Wiseau is not gifted to the same extent as Darger and Johnston, but his cluelessness makes him appear as though cut from the same cloth. The original 2003 release of The Room was marked by a single billboard ad over Highland Avenue in Hollywood displaying Wiseau’s unsettlingly vacant stare. Of Wiseau’s background we have little to go on, but we know at least that he is not from the United States and gained just enough understanding of American norms to know that they exist but not how they function. The Room is painfully earnest; in fact that is its one artistic saving grace. “Viewers leave The Room with a raw impression of Wiseau’s alienation from (and hostility toward) the women who have bruised him,” Scott Tobias wrote, while “viewers leave Birdemic knowing nothing about [director James] Nguyen that can’t be broadcast through a megaphone.” Whatever The Room’s faults, there’s no overlooking its purity of vision. And purity is a creative attribute prized by the impure. In addition to Tim and Eric, Wiseau has developed a following among generation X and millennial comedy performers like Kristen Bell, Alec Baldwin, Seth Rogen, and James Franco. A cynic has an ideal climate. He or she can revel in its unadulterated vulnerability while reframing it within his or her own joke as he or she sees fit.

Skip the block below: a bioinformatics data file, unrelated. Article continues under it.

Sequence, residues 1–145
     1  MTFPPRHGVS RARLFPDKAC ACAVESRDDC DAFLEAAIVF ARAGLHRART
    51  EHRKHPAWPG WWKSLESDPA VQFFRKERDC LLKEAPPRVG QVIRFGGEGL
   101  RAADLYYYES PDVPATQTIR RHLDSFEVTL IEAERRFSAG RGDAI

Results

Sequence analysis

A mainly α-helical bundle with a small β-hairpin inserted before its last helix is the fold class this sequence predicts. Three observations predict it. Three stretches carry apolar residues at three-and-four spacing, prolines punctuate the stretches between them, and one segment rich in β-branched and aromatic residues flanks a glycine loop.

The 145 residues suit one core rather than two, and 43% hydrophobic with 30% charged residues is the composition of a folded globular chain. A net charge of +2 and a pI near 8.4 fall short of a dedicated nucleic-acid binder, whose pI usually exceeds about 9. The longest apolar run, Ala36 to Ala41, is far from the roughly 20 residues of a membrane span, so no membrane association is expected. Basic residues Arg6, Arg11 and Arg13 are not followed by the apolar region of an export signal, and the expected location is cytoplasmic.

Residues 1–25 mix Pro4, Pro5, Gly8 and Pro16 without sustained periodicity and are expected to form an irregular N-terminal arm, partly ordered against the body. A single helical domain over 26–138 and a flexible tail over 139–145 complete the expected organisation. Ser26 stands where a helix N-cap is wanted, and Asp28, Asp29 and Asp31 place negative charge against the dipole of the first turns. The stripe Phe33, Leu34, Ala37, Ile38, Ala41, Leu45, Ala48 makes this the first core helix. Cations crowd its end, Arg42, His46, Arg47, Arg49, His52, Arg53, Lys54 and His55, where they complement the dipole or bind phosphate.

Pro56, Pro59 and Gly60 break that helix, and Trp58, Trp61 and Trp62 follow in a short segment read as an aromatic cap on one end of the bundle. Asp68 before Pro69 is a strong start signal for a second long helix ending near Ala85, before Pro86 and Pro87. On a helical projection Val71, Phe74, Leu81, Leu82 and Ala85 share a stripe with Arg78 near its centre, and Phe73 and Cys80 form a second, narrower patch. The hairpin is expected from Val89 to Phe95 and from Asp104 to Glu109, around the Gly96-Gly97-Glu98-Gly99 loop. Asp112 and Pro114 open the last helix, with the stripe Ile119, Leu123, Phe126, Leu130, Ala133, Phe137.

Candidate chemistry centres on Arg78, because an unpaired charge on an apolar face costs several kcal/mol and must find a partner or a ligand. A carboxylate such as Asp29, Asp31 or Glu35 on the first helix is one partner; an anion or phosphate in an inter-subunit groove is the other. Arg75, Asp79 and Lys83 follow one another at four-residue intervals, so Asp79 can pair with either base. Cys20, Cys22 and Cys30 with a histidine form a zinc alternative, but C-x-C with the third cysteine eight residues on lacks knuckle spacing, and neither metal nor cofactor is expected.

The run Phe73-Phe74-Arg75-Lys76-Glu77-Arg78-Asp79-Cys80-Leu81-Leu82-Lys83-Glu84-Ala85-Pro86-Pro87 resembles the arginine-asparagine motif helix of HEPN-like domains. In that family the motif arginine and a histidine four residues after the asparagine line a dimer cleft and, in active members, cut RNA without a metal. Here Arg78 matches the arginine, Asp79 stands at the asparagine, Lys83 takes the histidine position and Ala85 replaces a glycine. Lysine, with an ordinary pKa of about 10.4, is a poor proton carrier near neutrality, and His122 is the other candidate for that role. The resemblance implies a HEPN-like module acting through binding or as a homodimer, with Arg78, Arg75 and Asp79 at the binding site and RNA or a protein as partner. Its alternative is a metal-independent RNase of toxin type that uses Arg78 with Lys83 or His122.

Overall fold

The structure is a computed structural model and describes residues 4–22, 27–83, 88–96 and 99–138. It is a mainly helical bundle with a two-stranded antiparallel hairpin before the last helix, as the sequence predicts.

But The Room has its own fateful aspect: what if Tommy Wiseau didn’t have any money? Wiseau has been coy about the precise source(s) of his funding for The Room, the budget of which ballooned to $6 million. There was mention of importing clothing form South Korea, as well other entrepreneurial and real estate ventures that suggest phenomenal business acumen, but it is all pure speculation until Wiseau decides to articulate himself. More fascinating than the film itself is the process by which it was made. Thanks to his costar Greg Sestero, who wrote a memoir of the experience, we have a better idea of it. Wiseau exerted total control over production, with no one to overrule any of his decisions, such as filming completely gratuitous scenes and repeatedly firing cast members and whole crews rather than just himself from either (though there is a bizarre feud over directorial credit). It’s almost as if, for Wiseau, product mattered less than production. That he had the ability and resources to wield power on set makes him a filmmaker. And here, Wiseau has a point.